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Cancers' sweet tooth may be weakness

The pedal-to-the-metal signals driving the growth of several types of cancer cells lead to a common switch governing the use of glucose, researchers at Winship Cancer Institute of Emory University have discovered.

Scientists who study cancer have known for decades that cancer cells tend to consume more glucose, or blood sugar, than healthy cells. This tendency is known as the "Warburg effect," honoring discoverer Otto Warburg, a German biochemist who won the 1931 Nobel Prize in Medicine. Now a Winship-led team has identified a way to possibly exploit cancer cells' taste for glucose.

The results were published this week in the journal Science Signaling.

Normally cells have two modes of burning glucose, comparable to sprinting and long-distance running: glycolysis, which doesn't require oxygen and doesn't consume all of the glucose molecule, and oxidative phosphorylation, which requires oxygen and is more thorough.

Cancer cells often outgrow their blood supply, leading to a lack of oxygen in a tumor, says Jing Chen, PhD, assistant professor of hematology and medical oncology at Emory University School of Medicine and Winship Cancer Institute. They also benefit from glycolysis because leftovers from the inefficient consumption of glucose can be used as building blocks for growing cells.

"Even if they have oxygen, cancer cells still prefer glycolysis," Chen says. "They depend on it to grow quickly."

Working with Chen, postdoctoral researcher Taro Hitosugi focused on the enzyme PKM2 (pyruvate kinase M2), which governs the use of glucose and controls whether cells make the switch between glycolysis and oxidative phosphorylation. PKM2 is found predominantly in fetal cells and in tumor cells.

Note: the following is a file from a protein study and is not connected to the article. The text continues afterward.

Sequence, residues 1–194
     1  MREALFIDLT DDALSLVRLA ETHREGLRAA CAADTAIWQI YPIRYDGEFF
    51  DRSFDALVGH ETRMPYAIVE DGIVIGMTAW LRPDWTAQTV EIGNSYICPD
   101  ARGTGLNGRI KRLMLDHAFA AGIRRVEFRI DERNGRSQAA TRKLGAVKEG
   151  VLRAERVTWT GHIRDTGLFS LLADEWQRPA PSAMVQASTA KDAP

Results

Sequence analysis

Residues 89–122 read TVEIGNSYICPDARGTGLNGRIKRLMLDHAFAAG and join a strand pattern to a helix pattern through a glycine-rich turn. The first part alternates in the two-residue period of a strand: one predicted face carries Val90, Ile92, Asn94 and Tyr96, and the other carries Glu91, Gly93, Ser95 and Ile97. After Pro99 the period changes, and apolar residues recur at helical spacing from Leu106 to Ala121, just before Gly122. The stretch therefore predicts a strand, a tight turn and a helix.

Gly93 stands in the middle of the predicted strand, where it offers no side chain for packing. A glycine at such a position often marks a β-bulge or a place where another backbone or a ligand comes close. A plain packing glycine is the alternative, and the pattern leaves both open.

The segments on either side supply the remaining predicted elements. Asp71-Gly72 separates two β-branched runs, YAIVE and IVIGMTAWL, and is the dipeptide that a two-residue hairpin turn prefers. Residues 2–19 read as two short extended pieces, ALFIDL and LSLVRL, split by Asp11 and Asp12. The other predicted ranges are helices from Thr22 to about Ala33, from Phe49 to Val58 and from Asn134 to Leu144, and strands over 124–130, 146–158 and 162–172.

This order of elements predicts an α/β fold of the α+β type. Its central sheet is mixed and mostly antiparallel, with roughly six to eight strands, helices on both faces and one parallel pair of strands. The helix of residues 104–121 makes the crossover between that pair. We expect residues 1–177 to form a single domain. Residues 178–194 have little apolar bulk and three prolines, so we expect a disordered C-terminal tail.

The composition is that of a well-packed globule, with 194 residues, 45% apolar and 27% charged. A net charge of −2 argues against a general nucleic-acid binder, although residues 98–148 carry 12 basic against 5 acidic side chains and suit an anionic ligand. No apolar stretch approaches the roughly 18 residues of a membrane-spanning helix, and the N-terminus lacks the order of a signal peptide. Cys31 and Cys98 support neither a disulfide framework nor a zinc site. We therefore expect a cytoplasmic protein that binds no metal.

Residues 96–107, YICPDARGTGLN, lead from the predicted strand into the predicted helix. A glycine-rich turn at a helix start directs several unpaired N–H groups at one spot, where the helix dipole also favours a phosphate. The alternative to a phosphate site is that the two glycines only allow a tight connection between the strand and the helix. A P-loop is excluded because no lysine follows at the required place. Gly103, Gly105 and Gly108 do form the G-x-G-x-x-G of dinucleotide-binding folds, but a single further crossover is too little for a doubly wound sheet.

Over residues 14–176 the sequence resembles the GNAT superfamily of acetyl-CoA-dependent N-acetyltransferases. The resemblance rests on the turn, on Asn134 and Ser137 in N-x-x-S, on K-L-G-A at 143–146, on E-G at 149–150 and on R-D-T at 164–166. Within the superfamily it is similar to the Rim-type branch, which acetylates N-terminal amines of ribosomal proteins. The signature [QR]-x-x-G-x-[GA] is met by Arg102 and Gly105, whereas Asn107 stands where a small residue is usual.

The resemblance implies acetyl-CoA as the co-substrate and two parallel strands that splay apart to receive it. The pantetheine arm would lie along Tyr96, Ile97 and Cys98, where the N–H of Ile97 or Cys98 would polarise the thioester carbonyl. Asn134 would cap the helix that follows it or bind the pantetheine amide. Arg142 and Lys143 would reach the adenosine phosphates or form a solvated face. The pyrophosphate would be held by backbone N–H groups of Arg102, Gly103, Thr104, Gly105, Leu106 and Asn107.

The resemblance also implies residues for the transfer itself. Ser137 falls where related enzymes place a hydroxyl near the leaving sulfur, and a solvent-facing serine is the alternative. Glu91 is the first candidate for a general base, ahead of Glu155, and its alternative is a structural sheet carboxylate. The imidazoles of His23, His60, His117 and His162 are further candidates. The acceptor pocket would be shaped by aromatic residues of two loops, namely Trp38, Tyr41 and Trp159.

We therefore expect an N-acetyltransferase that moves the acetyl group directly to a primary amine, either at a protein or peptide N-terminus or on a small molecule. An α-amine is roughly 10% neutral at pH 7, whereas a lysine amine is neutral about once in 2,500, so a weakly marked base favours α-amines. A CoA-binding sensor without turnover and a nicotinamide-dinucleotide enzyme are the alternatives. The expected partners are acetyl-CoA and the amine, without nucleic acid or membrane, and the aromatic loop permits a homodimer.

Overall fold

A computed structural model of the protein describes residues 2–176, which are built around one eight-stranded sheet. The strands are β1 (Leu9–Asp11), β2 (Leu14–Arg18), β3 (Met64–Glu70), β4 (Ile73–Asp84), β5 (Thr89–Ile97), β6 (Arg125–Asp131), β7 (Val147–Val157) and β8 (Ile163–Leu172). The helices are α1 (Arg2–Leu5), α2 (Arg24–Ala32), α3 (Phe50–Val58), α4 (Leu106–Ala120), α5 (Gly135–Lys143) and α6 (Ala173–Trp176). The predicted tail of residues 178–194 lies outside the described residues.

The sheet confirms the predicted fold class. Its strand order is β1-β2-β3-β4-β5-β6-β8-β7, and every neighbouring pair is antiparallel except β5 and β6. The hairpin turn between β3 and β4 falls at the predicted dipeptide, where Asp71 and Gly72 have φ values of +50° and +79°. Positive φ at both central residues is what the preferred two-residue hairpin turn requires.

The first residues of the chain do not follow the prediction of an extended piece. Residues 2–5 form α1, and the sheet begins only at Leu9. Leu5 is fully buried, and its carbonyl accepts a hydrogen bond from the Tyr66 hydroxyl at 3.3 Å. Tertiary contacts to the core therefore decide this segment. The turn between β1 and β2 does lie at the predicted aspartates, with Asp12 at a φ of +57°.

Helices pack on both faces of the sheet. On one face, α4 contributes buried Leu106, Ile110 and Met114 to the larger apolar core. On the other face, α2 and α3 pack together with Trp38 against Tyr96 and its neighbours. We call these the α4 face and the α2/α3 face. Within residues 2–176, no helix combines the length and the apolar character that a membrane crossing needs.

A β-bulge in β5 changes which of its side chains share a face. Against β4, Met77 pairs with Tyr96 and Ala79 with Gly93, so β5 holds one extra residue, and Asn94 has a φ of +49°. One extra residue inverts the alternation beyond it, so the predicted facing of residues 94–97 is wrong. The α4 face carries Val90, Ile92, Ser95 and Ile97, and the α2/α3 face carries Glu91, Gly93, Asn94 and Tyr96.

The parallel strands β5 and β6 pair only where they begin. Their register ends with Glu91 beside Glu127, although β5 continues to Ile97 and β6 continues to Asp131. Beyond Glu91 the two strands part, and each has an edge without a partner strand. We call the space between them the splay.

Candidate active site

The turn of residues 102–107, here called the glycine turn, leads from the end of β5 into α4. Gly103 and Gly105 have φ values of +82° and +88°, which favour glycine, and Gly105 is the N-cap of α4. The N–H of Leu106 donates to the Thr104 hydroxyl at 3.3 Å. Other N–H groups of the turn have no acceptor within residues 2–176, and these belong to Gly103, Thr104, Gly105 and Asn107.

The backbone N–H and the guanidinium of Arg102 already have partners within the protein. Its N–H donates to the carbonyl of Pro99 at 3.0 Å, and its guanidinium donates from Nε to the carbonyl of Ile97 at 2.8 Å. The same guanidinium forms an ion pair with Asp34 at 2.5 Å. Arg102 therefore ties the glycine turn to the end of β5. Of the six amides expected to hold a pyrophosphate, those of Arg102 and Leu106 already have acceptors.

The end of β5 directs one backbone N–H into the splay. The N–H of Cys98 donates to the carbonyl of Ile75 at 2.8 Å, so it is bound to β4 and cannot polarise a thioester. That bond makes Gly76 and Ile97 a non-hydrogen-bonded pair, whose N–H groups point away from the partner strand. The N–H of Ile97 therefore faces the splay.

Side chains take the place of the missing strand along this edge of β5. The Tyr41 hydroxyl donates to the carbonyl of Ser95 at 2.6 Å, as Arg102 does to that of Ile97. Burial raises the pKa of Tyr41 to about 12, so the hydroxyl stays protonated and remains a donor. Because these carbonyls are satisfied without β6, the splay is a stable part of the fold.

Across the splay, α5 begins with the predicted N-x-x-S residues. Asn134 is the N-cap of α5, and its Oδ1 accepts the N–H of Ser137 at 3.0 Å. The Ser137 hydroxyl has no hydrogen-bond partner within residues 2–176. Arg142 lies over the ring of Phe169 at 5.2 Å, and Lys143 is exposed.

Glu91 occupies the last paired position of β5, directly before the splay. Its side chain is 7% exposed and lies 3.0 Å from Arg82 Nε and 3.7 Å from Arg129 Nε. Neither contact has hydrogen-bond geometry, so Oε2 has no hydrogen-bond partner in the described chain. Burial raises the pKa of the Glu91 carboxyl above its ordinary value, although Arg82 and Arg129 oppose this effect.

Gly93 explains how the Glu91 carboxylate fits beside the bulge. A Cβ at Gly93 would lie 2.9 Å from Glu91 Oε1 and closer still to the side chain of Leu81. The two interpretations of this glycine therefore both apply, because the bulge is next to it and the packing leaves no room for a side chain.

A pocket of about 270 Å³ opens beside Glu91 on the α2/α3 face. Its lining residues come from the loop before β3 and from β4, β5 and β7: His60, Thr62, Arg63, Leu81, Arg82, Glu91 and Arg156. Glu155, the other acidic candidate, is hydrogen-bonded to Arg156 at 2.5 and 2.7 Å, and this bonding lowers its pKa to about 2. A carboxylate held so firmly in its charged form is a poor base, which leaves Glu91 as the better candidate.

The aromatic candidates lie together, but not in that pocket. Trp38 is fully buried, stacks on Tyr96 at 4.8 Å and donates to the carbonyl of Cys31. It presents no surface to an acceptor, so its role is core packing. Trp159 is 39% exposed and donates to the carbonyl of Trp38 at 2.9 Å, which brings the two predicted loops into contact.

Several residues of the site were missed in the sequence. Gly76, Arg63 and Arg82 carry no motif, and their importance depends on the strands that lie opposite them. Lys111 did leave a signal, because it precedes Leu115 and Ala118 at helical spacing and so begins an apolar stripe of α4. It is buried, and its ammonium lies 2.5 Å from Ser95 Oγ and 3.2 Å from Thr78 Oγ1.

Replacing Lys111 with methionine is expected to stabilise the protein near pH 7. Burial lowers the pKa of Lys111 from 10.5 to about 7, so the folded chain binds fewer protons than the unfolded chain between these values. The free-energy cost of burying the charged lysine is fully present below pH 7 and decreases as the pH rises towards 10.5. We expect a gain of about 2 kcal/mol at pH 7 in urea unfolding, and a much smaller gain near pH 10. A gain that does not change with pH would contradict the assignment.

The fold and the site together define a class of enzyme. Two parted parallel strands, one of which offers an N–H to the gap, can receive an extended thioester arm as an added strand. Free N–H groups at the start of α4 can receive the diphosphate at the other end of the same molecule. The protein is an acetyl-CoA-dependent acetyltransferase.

In many types of cancer, mutations lead to over-activation of proteins called tyrosine kinases. Chen's team showed that tyrosine kinases turn off PKM2 in lung, breast, prostate and blood cancers. Introducing a form of PKM2 that is not sensitive to tyrosine kinases into cancer cells forces them to grow slower and be more dependent on oxygen, they found.

Because the active form of PKM2 consists of four protein molecules stuck together, having a tyrosine kinase flip the "off" switch on one molecule can dampen the activity for the others.

"People knew that tyrosine kinases might modify PKM2 for decades but they didn't think it mattered," Chen says. "We showed that such a modification is important and you even don't need that much modification of PKM2 to make a difference in the cells' metabolism."

PKM2 could be a good drug target, because both inhibiting it or activating it can slow down cancer cell growth. Biotechnology companies are already searching for ways to do so, Chen says.


Contact: Vince Dollard
Emory University

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